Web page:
Addressing Behavioral Elements in Traffic Safety: A Recommended Approach

The purpose of this paper is to describe a better way to go about the enterprise of altering the behavior of drivers, where far less progress has been made than in the engineering of safer roads and vehicles. In thinking about doing so, the concept "traffic-safety culture" is quite appropriate. In a sense, this paper presents the argument that a traffic-safety culture should involve a reordered set of values, different beliefs from those that are now common, and, as a consequence, altered norms for appropriate behavior of its members. This applies whether the notion of a traffic-safety culture is narrowly constrained to professionals working in the traffic-safety domain or is more broadly defined to incorporate much of the population of a nation. The fundamental point presented here is that to reduce traffic-related deaths and injuries, we must take a far more enlightened approach to developing and implementing programs and policies than is presently the case. To achieve meaningful declines will require taking advantage of the vast stores of scientific understanding that are currently overlooked. This paper includes a brief description of how we presently operate, why the current approach works poorly, why it occasionally succeeds, a listing of several pertinent well-established fundamental principles of human behavior, and a suggestion for how we can do better in the future.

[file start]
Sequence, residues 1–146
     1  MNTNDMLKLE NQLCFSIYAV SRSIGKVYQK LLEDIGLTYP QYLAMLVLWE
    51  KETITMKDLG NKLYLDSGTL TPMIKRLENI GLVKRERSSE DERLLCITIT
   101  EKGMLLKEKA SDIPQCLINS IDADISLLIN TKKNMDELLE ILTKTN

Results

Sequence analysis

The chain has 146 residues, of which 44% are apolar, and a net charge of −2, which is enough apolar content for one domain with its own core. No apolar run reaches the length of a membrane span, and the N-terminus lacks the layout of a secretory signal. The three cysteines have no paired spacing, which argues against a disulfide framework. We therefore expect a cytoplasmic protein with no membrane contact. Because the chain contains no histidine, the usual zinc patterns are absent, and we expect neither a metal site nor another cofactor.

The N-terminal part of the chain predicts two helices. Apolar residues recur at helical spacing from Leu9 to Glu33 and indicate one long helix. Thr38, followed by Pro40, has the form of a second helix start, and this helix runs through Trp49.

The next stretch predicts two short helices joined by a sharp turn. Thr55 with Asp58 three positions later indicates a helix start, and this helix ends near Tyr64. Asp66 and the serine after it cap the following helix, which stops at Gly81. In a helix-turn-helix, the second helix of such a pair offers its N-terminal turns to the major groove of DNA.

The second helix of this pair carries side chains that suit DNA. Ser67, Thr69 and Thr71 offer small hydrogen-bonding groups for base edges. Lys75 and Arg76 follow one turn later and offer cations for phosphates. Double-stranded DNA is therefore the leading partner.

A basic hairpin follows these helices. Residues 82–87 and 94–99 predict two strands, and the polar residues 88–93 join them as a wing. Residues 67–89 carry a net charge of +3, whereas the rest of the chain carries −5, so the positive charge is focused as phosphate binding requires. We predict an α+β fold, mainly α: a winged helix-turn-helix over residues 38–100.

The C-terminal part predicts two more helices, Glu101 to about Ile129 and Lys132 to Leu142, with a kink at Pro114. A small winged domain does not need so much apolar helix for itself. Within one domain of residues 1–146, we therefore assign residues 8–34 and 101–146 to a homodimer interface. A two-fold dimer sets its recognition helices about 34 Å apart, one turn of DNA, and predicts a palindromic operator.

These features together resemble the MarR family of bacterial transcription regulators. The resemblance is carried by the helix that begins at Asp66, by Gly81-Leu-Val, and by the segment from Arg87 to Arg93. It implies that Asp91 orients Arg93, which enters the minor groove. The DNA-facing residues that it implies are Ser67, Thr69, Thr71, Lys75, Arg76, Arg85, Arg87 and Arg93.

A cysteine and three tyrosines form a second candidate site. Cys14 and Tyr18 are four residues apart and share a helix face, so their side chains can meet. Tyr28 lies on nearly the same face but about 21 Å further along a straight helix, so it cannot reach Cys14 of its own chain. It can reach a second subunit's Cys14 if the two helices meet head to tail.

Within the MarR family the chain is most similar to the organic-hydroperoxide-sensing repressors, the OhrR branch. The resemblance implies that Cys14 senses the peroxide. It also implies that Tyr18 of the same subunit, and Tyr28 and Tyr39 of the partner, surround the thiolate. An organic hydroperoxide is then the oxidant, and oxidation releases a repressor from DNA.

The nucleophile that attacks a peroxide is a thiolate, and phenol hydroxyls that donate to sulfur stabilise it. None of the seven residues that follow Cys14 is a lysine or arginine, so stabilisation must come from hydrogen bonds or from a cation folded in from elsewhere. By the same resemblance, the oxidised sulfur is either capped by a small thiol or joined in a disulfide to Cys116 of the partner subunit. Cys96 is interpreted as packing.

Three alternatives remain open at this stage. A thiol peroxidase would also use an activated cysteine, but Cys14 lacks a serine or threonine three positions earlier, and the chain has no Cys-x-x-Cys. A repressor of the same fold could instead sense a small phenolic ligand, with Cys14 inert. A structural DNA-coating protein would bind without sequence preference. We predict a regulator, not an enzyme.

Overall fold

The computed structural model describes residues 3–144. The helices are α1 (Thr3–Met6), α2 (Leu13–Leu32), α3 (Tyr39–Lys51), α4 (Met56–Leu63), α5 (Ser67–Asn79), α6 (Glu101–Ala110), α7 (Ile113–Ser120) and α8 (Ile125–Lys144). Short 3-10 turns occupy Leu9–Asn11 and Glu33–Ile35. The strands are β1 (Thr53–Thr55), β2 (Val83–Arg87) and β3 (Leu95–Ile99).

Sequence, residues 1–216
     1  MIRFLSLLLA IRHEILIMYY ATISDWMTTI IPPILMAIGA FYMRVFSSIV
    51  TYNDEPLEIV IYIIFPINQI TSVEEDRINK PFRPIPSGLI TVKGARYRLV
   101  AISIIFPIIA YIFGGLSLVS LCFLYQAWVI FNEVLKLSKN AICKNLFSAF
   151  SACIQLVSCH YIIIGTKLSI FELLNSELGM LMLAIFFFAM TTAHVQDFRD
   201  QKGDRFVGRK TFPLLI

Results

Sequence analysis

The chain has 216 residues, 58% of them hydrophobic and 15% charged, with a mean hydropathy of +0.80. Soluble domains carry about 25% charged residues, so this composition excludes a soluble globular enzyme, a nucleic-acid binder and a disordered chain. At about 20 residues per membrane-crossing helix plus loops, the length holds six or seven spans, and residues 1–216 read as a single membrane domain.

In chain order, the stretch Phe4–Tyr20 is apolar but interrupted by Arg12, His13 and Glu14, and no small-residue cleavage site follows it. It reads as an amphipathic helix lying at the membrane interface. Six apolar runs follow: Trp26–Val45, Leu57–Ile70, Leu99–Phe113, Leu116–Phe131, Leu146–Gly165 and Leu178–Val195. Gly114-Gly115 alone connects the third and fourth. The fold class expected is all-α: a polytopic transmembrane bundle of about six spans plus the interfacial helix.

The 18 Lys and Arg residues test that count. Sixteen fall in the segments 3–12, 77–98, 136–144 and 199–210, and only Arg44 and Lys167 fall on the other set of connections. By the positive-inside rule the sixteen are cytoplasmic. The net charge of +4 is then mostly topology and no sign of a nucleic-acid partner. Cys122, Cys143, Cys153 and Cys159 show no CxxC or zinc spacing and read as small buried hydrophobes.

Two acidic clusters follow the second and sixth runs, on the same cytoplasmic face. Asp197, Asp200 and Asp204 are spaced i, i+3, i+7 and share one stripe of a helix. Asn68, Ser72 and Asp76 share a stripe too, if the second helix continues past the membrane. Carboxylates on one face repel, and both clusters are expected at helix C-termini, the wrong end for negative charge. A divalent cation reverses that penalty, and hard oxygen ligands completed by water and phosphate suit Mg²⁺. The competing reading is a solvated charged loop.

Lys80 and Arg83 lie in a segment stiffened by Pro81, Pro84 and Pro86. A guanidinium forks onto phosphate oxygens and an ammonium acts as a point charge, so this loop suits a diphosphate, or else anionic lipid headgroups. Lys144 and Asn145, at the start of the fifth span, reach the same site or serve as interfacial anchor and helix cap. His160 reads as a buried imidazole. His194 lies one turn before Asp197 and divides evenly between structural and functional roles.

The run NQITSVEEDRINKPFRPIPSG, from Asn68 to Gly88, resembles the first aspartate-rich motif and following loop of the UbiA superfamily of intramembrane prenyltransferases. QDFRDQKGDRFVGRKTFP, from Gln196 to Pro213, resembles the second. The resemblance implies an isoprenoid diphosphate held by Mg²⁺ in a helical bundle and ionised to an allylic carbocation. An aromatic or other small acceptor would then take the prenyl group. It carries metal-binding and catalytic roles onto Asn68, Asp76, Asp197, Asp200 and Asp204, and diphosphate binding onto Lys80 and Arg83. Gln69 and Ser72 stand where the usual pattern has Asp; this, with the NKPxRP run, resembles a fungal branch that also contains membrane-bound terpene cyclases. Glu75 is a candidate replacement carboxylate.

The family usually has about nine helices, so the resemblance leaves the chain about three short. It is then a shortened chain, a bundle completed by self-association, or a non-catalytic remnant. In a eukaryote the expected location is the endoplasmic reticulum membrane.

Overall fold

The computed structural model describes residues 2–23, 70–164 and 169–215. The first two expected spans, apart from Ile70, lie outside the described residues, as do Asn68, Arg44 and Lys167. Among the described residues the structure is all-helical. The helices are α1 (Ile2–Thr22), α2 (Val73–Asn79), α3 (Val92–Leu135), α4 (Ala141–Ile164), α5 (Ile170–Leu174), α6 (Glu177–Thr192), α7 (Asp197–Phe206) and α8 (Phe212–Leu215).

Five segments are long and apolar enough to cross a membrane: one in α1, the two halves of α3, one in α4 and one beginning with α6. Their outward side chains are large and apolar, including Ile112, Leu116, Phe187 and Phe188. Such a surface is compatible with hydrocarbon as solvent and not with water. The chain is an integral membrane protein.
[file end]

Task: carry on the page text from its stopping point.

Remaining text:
• English

Media Info

  • Media Type: Print
  • Features: References;
  • Pagination: pp 148-163
  • Monograph Title: Improving Traffic Safety Culture in the United States - The Journey Forward

Subject/Index Terms

Filing Info

  • Accession Number: 01051435
  • Record Type: Publication
  • Files: TRIS
  • Created Date: Jun 5 2007 10:20AM